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It’s the project whose time has come – nine years ago. Literally all the IP addresses available in the original internet numbering scheme, IPv4, have been distributed, the last block in 2011. The new numbering has been available for many years, and the intention was to complete the transition from the old to the new in April 2011. With all the things and people being added to the internet, this transition must happen soon. The opportunities for those who are prepared are enormous.

Every device on the internet, and every device on private networks that use TCP/IP protocol, must have an IP address. The primary IP address for, this publication, is Four numbers between 0 and 255, each separated by dots. If you calculate the number of permutations possible in this 32-bit schema, you’ll come up with about 4.3 billion. In 1973, when Vinton Cerf and his team at ARPAnet were busy creating IPv4 for the global network, they probably couldn’t imagine needing more addresses than that.

They were correct for 32 years. On January 31, 2011 the IANA (Internet Assigned Numbers Authority) distributed the last blocks of available addresses to the regional exchanges around the world who each assigned them locally, finishing in September 2012.

Yes, we ran out of IPv4 addresses eight years ago.

Of course, this doesn’t mean that nobody else can join the internet. Millions of addresses are released and reassigned regularly, and most routers use Network Address Translation (NAT) to assign an “internal-only” IP address to every device behind them. You’ve seen these too. They usually take the form “192.168.1.#” with the “#” being one of 256 devices assigned automatically upon login by Dynamic Host Control Protocol (DHCP).

4.3 Billion IPv4 Addresses Not Enough

4.3 billion seems like a large number, and certainly seemed enormous back in 1969 when the net was first being created. But even then, they foresaw a global network that would eventually require far more addresses for far more things. Even as they introduced Internet Protocol version 4 (IPv4) they had already begun work on IPv6. Incredible insight.

With all the “things” being added to the internet we certainly need more available addresses. Think about every mobile phone, every tablet, every laptop. Add virtual servers that each require dozens or even hundreds of IP addresses each. All the smart home appliances, home entertainment centers, IP-enabled automobiles, refrigerators, washer/dryers, firewalls, and things like sensors on corporate IoT networks. Will IPv6 be enough?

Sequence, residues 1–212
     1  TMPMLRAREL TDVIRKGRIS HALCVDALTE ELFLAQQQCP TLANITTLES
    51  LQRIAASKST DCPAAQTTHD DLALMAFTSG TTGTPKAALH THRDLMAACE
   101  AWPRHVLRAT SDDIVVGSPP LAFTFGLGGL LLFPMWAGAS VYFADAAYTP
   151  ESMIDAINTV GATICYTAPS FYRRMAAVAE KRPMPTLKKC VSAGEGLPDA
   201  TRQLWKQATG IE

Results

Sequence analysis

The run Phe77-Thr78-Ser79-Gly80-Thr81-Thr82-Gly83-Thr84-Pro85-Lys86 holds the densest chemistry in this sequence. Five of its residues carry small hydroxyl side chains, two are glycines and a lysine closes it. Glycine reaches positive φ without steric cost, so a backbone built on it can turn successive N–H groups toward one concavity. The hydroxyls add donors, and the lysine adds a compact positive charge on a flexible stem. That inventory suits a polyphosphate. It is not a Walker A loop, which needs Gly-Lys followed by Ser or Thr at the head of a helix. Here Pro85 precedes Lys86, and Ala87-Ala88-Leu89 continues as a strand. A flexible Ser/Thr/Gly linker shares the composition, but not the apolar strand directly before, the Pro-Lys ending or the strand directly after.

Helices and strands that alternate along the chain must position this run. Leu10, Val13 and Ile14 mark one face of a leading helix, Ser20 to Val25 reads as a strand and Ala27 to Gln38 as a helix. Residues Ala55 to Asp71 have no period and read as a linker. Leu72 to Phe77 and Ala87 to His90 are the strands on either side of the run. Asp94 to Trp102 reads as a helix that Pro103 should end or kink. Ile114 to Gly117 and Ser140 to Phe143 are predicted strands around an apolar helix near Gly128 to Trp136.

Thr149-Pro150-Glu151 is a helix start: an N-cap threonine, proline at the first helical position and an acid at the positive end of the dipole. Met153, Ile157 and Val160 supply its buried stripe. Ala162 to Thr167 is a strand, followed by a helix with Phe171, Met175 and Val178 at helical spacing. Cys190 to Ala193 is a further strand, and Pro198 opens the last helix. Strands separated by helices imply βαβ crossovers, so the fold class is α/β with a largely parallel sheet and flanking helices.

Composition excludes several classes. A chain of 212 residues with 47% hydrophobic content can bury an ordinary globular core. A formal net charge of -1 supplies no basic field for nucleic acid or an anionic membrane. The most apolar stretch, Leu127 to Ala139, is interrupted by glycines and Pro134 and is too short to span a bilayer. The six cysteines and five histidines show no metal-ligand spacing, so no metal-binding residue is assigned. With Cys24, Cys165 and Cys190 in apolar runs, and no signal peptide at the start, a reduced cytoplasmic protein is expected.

IPv6 uses a 128-bit structure as opposed to IPv4’s 32-bit. The available number of addresses is so large as to be difficult to comprehend, but here’s the comparison in approximated numbers:

IPv4: 4,290,000,000 addresses. 4.3 billion.

IPv6: 3,400,000,000,000,000,000,000,000,000,000,000,000,000 addresses. 34 undecillion.

That should last a while.

Two Tremendous MSP Opportunities

The fact that the overwhelming majority of organizations really haven’t even begun planning for IPv6 transition creates enormous opportunities for managed services providers (MSPs) to help perform that planning and then execute those plans, twice!

Yes, twice.

First, you’ll need to move your client to a hybrid environment where both IPv4 and IPv6 coexist. For many, the transition to IPv6 began years ago. Most analysts predicted that it would take years, but hybrid strategies would allow more time as users ran their networks using both address structures.

Since the address structures are so different from one another, and IPv6 uses a different data packet structure, IPv4 devices and IPv6 devices cannot interoperate without using some form of gateway.

The most popular coexistence hybrid strategies include tunneling, in which the IPv6 traffic is encapsulated into the IPv4 header, though this introduces additional overhead, dual-stack, which basically does the reverse using address translation, or cloud-based translation services.

Then, when your customer is no longer connecting to services that still use IPv4, it will be time to transition from the hybrid environment to a fully IPv6 network.

Two great projects, both requiring significant work effort and some products, too.

Tell This Story to Your Customers

Even your smaller customers will eventually need to transition to IPv6 eventually. Right now you can help your largest customers by making sure they have plans in place to transition from IPv4 to hybrid and then to IPv6. If they don’t, get started helping them plan, then execute the plan. This will take a considerable amount of time, most of it billable.

It’s safe to say that all manufacturers of routers and switches have their products and plans in place to help with IPv6 migration. Talk to those you work with most. Get your plans and programs defined. Then go talk to every customer.